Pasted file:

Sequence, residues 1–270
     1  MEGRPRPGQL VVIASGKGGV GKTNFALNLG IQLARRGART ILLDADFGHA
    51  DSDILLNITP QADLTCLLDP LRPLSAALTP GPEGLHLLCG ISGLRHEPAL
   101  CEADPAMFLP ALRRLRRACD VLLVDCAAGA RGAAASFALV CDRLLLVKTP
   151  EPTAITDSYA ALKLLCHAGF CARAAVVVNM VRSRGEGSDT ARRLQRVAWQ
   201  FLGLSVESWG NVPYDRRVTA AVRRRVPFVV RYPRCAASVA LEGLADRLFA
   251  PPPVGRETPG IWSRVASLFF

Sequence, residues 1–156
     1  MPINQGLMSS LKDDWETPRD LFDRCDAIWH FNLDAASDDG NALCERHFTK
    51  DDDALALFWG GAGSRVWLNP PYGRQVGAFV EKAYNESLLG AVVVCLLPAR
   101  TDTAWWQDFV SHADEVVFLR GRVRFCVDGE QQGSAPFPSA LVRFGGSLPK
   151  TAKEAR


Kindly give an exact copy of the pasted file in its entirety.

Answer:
Sequence, residues 1–270
     1  MEGRPRPGQL VVIASGKGGV GKTNFALNLG IQLARRGART ILLDADFGHA
    51  DSDILLNITP QADLTCLLDP LRPLSAALTP GPEGLHLLCG ISGLRHEPAL
   101  CEADPAMFLP ALRRLRRACD VLLVDCAAGA RGAAASFALV CDRLLLVKTP
   151  EPTAITDSYA ALKLLCHAGF CARAAVVVNM VRSRGEGSDT ARRLQRVAWQ
   201  FLGLSVESWG NVPYDRRVTA AVRRRVPFVV RYPRCAASVA LEGLADRLFA
   251  PPPVGRETPG IWSRVASLFF

Sequence, residues 1–156
     1  MPINQGLMSS LKDDWETPRD LFDRCDAIWH FNLDAASDDG NALCERHFTK
    51  DDDALALFWG GAGSRVWLNP PYGRQVGAFV EKAYNESLLG AVVVCLLPAR
   101  TDTAWWQDFV SHADEVVFLR GRVRFCVDGE QQGSAPFPSA LVRFGGSLPK
   151  TAKEAR